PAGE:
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Edited by Tristan Taormino
Cleis Press’ most lauded editor, Sacchi Green assumes the helm of one the most-heralded and best-selling series, Best Lesbian Erotica. This match made in book publishing heaven is also a fan fave whose readers range from 18 to 80 and who can’t get enough of the Lambda Award–winning Sacchi Green’s scorching hot stories of lesbian sex. From lust-at-first sight quickies to long-time companions, this voracious volume is the stuff of every woman’s fantasy. With secret desires, coming-out, and coming-of-age stories and deeper explorations of what Green describes as “the fiercer shores of sex,” Best Lesbian Erotica of the Year, Volume 1 aims to please and leave you satisfied.
Sacchi has most recently edited Best Lesbian Erotica of the Year 20th Anniversary Edition, Best Lesbian Erotica of the Year Volume 2 and Volume 3, and, possibly the most fun of all, Witches, Princesses and Women at Arms: Erotic Lesbian Fairy Tales. Her very first novel is Shadow Hand, a superheroine book that puts a new twist on the genre, and her newest publication is a collection of her own short stories, Wild Rides and Other Lesbian Erotic Adventures, from Dirt Road Books.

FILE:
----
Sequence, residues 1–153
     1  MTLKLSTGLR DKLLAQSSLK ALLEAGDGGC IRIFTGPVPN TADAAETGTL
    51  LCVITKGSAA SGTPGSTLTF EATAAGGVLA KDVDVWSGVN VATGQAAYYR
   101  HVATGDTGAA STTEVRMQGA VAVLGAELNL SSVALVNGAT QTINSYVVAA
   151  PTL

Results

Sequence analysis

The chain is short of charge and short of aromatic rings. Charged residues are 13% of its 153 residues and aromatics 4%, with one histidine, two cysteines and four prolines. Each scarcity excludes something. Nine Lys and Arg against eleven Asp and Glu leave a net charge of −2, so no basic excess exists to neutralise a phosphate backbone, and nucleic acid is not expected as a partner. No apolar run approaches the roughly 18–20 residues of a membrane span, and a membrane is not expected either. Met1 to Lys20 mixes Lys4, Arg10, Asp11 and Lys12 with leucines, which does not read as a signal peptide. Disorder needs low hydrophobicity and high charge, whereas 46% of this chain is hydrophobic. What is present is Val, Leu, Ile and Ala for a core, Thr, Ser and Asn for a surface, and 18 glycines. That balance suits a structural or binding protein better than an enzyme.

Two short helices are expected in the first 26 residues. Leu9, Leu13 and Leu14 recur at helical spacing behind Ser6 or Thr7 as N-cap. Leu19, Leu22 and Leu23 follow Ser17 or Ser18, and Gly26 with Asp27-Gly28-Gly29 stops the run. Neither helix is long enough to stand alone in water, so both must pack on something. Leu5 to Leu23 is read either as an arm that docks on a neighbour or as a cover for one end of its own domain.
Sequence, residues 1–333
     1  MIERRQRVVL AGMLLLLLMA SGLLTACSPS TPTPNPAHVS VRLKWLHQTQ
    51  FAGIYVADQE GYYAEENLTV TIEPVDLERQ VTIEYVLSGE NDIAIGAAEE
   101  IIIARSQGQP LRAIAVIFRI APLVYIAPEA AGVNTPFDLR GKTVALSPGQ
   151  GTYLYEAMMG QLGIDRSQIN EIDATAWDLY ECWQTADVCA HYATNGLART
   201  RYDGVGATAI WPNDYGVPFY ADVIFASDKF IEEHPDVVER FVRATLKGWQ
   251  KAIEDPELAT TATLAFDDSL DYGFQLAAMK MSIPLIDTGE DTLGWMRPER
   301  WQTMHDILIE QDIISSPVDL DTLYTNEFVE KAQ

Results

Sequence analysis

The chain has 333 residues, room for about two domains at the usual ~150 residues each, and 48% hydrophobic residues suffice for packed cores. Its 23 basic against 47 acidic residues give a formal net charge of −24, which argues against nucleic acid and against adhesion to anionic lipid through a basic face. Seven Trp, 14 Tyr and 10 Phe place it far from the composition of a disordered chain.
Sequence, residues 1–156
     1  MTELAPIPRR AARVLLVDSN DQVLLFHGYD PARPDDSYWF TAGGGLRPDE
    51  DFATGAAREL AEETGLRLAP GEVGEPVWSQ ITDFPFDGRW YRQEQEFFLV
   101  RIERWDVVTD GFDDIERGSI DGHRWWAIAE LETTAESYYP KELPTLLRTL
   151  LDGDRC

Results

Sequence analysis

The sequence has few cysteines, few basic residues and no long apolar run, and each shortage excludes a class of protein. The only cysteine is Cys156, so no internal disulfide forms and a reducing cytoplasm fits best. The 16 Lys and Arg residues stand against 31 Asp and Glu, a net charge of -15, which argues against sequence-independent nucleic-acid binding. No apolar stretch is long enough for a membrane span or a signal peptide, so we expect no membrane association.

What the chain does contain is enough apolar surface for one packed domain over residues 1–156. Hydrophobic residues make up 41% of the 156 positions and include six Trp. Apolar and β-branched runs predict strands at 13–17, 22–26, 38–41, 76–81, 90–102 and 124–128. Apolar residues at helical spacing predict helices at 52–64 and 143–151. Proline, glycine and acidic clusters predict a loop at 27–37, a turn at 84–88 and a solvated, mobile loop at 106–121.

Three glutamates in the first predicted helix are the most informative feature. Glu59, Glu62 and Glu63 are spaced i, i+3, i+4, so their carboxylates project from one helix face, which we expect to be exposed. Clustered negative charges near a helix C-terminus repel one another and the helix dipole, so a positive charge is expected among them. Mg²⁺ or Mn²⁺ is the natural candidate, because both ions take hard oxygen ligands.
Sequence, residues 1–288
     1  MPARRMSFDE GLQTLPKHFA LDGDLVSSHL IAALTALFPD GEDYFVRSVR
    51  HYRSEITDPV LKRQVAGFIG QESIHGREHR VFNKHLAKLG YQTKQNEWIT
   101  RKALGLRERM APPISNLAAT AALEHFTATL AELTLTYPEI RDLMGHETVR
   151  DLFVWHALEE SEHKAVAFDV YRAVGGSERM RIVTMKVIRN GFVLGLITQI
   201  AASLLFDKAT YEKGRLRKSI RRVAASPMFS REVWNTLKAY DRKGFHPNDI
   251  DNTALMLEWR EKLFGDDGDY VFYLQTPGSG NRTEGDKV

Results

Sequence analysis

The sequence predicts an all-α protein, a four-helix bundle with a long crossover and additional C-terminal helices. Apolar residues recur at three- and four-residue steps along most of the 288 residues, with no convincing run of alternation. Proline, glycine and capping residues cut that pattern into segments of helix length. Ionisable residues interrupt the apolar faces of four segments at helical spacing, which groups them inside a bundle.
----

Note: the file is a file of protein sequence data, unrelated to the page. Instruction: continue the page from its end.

From the author of Carrie’s Story comes the tale of a young woman’s uncompromising sexual adventure.
Whisked away to Greece by the demanding gentleman who has chosen her as his own, she learns new, more rigorous methods of sexual pleasure. Carrie willingly submits to her new master and learns the art of competitive dressage (also known as human pony training).
Groomed, collared and harnessed to her new master’s exacting specifications, our smart-ass, intrepid heroine nonetheless manages to hold onto her acclaimed sense of wit and irony. Thrust into the midst of a fantasy netherworld of lovely “ponies,” she learns to play and win some dangerous games—of dressage and desire, bondage and romance.
Told from both the dominant’s and submissive’s points of view, this devastatingly sexy story has readers in its (very) firm grip, as author Molly Weatherfield proves herself a master of the BDSM genre.
New Sensations Romance offers love stories with a sexy twist…and we love them!
With sexual scenes that have a purpose to the plot of the story, contemporary surroundings and state of the art production, this fantastic new line of films offers the perfect blend of sex and emotion. Finally a film that combines romance and sex!
“What do porn stars find erotic?” is a question that has baffled the minds of adult film fans for decades. Thanks to adult film star and best-selling author of Insatiable and Dirty Thirty, Asa Akira, we finally get our answer–everything!
No one knows the world of sex and eroticism better than those in “the industry.” They’ve seen and done it all, from the weirdest fetishes to the most extreme positions, and now in this hot, new erotic collection they are going to test our own sexual repertoire.